Rising political populism. Taken together, the effects of low growth and loose monetary policy have created a sense of growing discontentment with the established economic and political order, and a search for answers outside the economic and political mainstream. One expression of this is the surge in the share of the popular vote for UK political parties other than the Conservatives, Labour and the Liberal Democrats, from a post-war average of 4.9% to some 24.8% at the 2015 general election. The referendum result itself is the most recent expression of anti-establishment sentiment.
  
 This framework also offers a guide to where the UK economy may be headed next.
  
 As the UK’s new relationship with the EU is negotiated, the impact of uncertainty is likely to weigh on the already subdued rate of economic growth. But further monetary policy support, as well as the depreciation in sterling, should provide a partial offset. With interest rates already low and space to loosen monetary policy limited, fiscal policy is also being used to support the economy. The (current) chancellor, George Osborne, has shelved his fiscal mandate to run a surplus by 2019/20 and announced plans to lower corporation tax. The expectation of policy loosening certainly appears to have supported the FTSE 250, which has pared back four-fifths of its initial post-referendum decline. In Scotland, meanwhile, popular discontentment with the referendum result has seen constitutional questions about membership of the United Kingdom come back onto the agenda.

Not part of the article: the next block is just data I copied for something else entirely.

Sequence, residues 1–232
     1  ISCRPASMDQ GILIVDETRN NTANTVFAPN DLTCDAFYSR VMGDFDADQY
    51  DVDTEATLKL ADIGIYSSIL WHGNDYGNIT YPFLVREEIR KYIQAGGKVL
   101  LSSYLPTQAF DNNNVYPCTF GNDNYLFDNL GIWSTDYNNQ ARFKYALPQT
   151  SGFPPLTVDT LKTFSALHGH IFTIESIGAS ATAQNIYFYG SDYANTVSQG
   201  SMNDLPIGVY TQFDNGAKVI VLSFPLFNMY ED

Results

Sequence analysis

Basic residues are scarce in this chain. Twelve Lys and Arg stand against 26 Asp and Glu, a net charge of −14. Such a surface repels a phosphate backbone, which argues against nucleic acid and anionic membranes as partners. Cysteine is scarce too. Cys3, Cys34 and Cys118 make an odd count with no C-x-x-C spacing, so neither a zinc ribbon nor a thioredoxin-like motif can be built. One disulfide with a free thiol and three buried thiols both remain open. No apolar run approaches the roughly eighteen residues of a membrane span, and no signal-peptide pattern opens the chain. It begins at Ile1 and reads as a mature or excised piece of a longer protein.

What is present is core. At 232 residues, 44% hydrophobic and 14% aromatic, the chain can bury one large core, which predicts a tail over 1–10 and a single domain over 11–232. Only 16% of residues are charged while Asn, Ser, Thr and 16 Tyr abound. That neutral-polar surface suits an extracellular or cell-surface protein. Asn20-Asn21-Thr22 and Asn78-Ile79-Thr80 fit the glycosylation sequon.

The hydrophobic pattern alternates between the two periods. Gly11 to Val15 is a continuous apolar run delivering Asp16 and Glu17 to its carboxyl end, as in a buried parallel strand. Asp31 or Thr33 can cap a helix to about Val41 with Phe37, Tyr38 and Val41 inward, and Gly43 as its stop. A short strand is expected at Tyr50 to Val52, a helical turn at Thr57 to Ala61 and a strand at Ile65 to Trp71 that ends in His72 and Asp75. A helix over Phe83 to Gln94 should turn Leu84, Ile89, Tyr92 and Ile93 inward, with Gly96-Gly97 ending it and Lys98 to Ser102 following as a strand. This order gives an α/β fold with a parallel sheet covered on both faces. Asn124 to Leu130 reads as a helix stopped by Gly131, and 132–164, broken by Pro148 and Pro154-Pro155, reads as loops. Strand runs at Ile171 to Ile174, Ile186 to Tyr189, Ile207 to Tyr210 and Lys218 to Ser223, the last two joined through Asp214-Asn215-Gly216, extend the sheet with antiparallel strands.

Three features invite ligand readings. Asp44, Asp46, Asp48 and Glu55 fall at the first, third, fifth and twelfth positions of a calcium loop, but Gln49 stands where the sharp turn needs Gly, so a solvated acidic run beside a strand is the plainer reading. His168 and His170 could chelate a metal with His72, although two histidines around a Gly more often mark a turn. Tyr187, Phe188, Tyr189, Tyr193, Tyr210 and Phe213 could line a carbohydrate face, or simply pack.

These forces are likely to play out again in a host of referenda and elections in Europe and the US over the next 18 months: a referendum on constitutional reform in Italy, a referendum on refugee quotas in Hungary, and the re-run of presidential elections in Austria, all in October; the US presidential election in November; and general elections in the Netherlands, France and Germany in 2017. Post-crisis GDP growth everywhere but Germany is lower than pre-crisis trends, loose monetary policy rather than fiscal stimulus has been the policy response of choice, and polls suggest populist sentiment is on the rise in each country.